Women's Commission

Implementing The Marcus Alert System

The Hope Mural, created by artist Chris Visions in response to police brutality and racial injustice toward African Americans, was on display in Richmond VA. The mural features Elijah McClain, Marcus-David Peters, and Brandon Roberts. (Courtesy photo)

By Rochelle S. Hall

Alexandria, VA – The City of Alexandria continues work on its Marcus Alert system, part of the statewide implementation of the Marcus-David Peters Act. The Act, passed in 2020, is named after Marcus-David Peters, a 24-year-old Black biology teacher fatally shot in May 2018 by a Richmond Police officer who responded to an incident involving Peters’ behavioral health crisis.

Marcus Alert aims to improve the response to and reduce police involvement in behavioral health emergencies, such as mental health or substance use. The new system will establish regional call centers staffed by operators who can quickly assess whether someone has a behavioral health crisis and dispatch a behavioral health professional to help.

Coordinator Mike Razak, appointed in January, is responsible for implementing Alexandria’s Marcus Alert system. “The City of Alexandria is committed to changing the current practice of sending police to respond to most behavioral health emergencies. The whole idea behind Marcus Alert is to revamp the crisis response system so that a behavioral health crisis is met with a behavioral health response,” said Razak. “The goal is that police are the responders of last resort for mental health. When police are the first responders or have to be involved, the aim is to make sure that they are better trained and better equipped to handle individuals in a mental health crisis.”

Until the Marcus Alert system is fully implemented, 911 operators have three options when responding to emergency calls: send police, a fire and rescue team, or an ambulance. Under the new system, 911 operators and dispatchers will receive training to identify behavioral health calls. Calls that do not require an immediate in-person response will be transferred to new regional call centers dedicated to handling behavioral health emergencies.

For more urgent behavioral health emergencies, a team composed of a licensed behavioral health clinician and an officer will be dispatched, with the clinician leading the response. Only in cases where there is an imminent risk of harm will police or other first responders lead a response, ensuring a scene’s safety before addressing an individual’s immediate behavioral health needs.

Broadly, Marcus Alert creates a system that focuses on delivering the most appropriate response to individuals in need. Several new programs will help meet this goal: a method to determine the severity of a behavioral health emergency; a nationwide behavioral health emergency number with regional call centers; and new and revised training, protocols, and policies for responding to behavioral health emergencies.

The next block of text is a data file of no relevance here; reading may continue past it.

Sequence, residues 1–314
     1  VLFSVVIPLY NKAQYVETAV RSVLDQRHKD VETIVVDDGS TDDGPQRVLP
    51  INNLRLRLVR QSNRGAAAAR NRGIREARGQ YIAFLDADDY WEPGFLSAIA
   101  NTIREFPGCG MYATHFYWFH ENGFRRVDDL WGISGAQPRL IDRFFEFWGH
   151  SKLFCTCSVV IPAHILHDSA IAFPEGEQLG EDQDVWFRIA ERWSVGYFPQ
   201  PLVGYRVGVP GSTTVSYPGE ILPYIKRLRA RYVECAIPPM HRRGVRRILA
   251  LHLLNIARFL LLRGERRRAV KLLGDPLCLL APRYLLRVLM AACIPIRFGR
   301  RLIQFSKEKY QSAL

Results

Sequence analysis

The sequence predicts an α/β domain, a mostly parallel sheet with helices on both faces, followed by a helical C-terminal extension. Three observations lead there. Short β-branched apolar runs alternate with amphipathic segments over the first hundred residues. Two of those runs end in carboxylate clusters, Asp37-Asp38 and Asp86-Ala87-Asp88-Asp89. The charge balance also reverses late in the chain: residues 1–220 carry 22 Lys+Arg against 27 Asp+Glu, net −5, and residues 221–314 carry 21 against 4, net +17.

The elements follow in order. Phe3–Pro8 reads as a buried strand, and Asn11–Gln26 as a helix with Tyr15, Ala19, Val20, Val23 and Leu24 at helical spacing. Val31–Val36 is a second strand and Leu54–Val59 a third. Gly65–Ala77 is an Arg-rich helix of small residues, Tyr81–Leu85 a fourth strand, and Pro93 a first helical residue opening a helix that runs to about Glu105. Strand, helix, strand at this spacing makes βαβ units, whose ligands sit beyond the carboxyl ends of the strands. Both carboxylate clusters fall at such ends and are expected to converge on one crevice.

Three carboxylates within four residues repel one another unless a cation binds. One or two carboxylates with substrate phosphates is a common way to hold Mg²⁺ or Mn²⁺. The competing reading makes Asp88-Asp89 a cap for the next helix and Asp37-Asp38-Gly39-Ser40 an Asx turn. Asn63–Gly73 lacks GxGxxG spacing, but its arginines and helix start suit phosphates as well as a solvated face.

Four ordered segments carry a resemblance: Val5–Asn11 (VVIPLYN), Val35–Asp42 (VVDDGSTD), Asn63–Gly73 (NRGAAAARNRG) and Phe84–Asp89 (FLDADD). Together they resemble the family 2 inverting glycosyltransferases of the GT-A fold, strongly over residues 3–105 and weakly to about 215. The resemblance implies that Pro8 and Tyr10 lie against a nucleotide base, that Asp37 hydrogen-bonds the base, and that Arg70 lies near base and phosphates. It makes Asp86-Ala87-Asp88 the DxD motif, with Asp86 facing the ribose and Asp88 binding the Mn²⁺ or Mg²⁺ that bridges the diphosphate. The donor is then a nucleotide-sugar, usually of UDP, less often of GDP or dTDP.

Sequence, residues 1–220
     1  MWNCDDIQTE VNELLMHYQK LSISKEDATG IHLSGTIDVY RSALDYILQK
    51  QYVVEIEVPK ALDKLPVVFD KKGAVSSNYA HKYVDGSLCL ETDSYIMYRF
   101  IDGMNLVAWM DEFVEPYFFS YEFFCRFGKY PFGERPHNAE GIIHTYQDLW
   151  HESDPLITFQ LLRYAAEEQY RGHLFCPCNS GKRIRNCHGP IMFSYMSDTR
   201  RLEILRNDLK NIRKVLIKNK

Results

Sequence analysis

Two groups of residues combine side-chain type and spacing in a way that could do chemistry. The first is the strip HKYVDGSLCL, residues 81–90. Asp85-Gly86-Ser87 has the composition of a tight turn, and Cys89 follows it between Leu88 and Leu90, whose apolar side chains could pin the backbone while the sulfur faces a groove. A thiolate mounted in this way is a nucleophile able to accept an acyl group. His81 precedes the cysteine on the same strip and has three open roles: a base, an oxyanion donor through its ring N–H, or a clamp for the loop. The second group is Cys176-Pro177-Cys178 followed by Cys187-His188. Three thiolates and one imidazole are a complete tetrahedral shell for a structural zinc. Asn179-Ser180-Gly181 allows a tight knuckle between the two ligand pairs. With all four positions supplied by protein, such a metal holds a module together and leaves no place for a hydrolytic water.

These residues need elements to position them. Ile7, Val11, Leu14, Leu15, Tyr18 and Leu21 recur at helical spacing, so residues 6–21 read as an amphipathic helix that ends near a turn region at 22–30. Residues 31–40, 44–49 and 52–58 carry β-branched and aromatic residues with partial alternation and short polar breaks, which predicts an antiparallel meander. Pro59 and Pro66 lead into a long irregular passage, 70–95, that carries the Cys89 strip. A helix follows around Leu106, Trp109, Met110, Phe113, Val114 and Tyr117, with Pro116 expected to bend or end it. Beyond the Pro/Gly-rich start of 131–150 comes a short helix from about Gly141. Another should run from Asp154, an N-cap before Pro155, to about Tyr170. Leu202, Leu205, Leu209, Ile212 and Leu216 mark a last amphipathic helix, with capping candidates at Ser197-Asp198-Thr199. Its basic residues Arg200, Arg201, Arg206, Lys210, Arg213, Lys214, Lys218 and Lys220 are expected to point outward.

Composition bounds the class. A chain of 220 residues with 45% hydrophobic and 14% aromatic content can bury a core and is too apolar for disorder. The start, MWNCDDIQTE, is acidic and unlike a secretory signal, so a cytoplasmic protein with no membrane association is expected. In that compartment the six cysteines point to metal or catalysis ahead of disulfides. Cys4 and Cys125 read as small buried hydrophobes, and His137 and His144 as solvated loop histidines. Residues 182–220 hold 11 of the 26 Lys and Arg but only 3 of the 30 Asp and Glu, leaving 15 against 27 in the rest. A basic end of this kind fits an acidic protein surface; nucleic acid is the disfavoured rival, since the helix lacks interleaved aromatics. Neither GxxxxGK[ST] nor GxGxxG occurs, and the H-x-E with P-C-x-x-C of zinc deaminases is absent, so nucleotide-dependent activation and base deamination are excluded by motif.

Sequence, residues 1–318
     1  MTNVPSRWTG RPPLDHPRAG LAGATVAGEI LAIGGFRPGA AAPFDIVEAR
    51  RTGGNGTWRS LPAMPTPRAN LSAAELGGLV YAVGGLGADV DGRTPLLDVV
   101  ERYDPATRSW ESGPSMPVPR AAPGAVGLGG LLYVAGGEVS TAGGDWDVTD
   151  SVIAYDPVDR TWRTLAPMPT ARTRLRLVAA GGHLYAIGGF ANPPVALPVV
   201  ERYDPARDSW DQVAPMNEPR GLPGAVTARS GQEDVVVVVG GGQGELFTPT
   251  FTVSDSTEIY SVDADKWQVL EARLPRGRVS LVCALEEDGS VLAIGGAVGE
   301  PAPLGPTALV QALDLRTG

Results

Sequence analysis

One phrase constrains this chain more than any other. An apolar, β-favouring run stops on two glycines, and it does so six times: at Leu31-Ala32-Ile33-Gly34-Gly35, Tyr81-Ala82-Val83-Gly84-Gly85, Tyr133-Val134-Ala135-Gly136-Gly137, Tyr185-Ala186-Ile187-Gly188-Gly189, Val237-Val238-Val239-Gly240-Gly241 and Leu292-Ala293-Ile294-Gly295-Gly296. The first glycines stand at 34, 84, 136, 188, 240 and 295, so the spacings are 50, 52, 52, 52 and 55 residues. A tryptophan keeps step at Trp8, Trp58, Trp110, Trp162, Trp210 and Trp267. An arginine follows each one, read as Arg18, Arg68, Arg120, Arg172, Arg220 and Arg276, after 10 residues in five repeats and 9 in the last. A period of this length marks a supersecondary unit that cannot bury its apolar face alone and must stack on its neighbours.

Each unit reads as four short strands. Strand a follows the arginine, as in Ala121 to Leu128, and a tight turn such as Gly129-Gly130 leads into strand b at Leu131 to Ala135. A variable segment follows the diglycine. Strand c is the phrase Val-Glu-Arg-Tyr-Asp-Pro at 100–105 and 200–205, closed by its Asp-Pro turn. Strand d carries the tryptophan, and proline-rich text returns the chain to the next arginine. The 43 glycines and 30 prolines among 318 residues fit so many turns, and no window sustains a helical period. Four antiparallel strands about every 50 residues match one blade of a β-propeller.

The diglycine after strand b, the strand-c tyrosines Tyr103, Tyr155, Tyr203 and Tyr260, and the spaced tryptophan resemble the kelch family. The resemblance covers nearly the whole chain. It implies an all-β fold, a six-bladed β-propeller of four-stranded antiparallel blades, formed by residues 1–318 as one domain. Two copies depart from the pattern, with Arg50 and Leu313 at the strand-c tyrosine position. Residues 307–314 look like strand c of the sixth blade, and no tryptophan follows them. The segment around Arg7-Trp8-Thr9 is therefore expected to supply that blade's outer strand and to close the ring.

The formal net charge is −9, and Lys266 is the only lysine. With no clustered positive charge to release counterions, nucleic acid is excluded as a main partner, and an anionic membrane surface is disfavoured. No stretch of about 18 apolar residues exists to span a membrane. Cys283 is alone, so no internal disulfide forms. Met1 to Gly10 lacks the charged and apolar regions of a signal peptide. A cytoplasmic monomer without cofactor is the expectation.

The new system revolves around three protocols to meet these goals. The first protocol involves diversion from law enforcement to the behavioral health system using the new federal 988 number, a national hotline for behavioral health crisis calls. In Virginia, 988 will connect with regional call centers.

During a 988 call, a trained operator will assess the situation and determine the level of intervention required. The Marcus Alert system will allow people experiencing a behavioral health crisis to call either 911 or 988. On both lines, an operator will assess the call and respond with the most appropriate clinical response, prioritizing behavioral health responses not involving law enforcement.

Some situations require police intervention and help from a mental health professional. The Second Protocol facilitates the collaboration between police and mental health professionals by requiring formal agreements among law enforcement, call centers, and mental health specialists.

The Third Protocol aims to revamp law enforcement’s behavioral health response so that police are better trained to assist individuals in a behavioral health crisis.

The Marcus Alert system is being piloted in Richmond, Virginia Beach, and three other localities. In Alexandria, the work to establish the local centers started last year. According to Razak, the system will not be fully operational for at least another year; however, various components will be implemented as they become available. The law requires all Virginia localities to have Marcus Alert systems functioning by 2026.

Rochelle S. Hall is a commissioner on the Alexandria Commission for Women

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